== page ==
• Visit www.HIVPwP.org, a resource center for prevention with persons living with HIV.
  • Take Selecting EBIs online to learn which HIP intervention or strategy is right for your agency.

Condom Distribution Programs

Condom distribution programs can be cost-effective structural interventions that provide communities with the resources they need to prevent the spread of HIV.

Colorful Condom WrappersMaking condoms widely available is integral to successful HIV prevention. Condom distribution programs have been shown to increase condom availability and use among a wide range of populations, including youth and adult males, commercial sex workers, and those who engage in risky sexual activities.

An effective condom distribution program can change the way a community thinks about and engages in safe sex behavior. To achieve that goal, condom distribution programs should strive to make condoms available, accessible, and acceptable. This section of effectiveinterventions.org offers tools to help with the design, management, and monitoring of a successful condom distribution program in your community.

Click the links under "More Info…" on the right to access program development information, links to existing condom distribution programs, educational resources, and sources of technical assistance.

Three "A's" for Condom Distribution Program Success

Available
Ensure that condoms are available in the environment where members of the target population are found, such as pharmacies, condom dispensing machines, and outreach workers.

Accessible
Ensure unrestricted access to condoms that are available in the environment by providing free condoms that are conveniently located in multiple locations.

Acceptable
Ensure that the norms within a community support the use of condoms and that the types are acceptable to community members by producing products that are popular and supported by opinion leaders and public figures.

Research and Development

Blankenship, K.M., Bray, S.J., & Merson M.H. (2000). "Structural Interventions in Public Health." AIDS, 14:S11-21.

Charania, M.R, et al., "Efficacy of Structural-Level Condom Distribution Interventions: A Meta-Analysis of U.S. and International Studies, 1998-2007." AIDS Behav (2011) 15:1283-1297.

Duncan, Ted and Charles Collins. (2011) "Condom Distribution Programs as Structural Interventions." Centers for Disease Control and Prevention, Division of HIV/AIDS Prevention, a Presentation.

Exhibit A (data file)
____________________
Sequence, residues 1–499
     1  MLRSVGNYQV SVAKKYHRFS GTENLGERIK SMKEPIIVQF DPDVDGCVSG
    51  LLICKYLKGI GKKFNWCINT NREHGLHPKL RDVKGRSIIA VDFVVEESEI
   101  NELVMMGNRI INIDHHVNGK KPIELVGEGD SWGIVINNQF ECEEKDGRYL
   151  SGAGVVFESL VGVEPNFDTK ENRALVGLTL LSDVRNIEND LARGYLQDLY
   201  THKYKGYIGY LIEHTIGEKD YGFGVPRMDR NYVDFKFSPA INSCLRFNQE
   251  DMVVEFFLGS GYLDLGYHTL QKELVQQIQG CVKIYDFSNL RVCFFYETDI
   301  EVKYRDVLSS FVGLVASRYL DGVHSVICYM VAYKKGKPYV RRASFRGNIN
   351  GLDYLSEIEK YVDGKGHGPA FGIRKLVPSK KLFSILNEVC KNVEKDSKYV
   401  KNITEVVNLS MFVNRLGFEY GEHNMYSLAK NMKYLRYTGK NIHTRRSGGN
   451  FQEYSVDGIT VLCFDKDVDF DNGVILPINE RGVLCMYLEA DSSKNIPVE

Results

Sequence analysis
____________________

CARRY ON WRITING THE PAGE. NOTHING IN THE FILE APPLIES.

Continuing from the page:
Program Review Panel Information

The CDC requires all CDC-funded agencies developing condom distribution programs to identify, or establish, and utilize a Program Review Panel and complete Form 0.1113 to document this activity. The intervention researchers and developers are not involved in this activity. This is a CDC requirement for their grantees, and all questions in this regard should be directed to your agency's CDC Project Officer or to the health department funding your agency's implementation of the intervention.

The Program Review Panel guidelines, instructions for completion of Form 0.113, and the form itself are available under the Related Links section of this website. 

CDC Policy on Youth Peer Outreach Workers

CDC funded (directly or indirectly) agencies using youth (either paid or volunteer) in program outreach activities need to use caution and judgment in the venues/situations where youth workers are placed. Agencies should give careful consideration to the "age appropriateness" of the activity or venue. Additionally, agencies should comply with all relevant laws and regulations regarding entrance into adult establishments/environments. Laws and curfews should be clearly outlined in required safety protocols developed and implemented by agencies directly and indirectly funded by CDC.

If you have specific questions, please contact your CDC project officer.

More Info...

TECHNICAL ASSISTANCE

ESSENTIAL ELEMENTS OF CONDOM DISTRIBUTION PROGRAMS

  1. Provide condoms free of charge.
  2. Conduct wide-scale distribution.
  3. Implement a social marketing campaign to promote condom use (by increasing awareness of condom benefits and normalizing condom use within communities).
  4. Conduct both promotion and distribution activities at the individual, organizational, and environmental levels.
  5. Target:
    1. individuals at high risk,
    2. venues frequented by high-risk individuals,
    3. communities at greatest risk for HIV infection, especially those marginalized by social, economic, or other structural conditions, or
    4. the general population within jurisdictions with high HIV incidence.
  6. Supplement the condom distribution program with more intense risk reduction interventions or other prevention or health services for individuals at highest risk. Integrate distribution program activities within other community-level intervention approaches to promote condom use and other risk reduction behaviors.
  7. Establish organizational support for condom distribution and promotion activities in traditional and non-traditional venues.
  8. Conduct community-wide mobilization efforts to support and encourage condom use.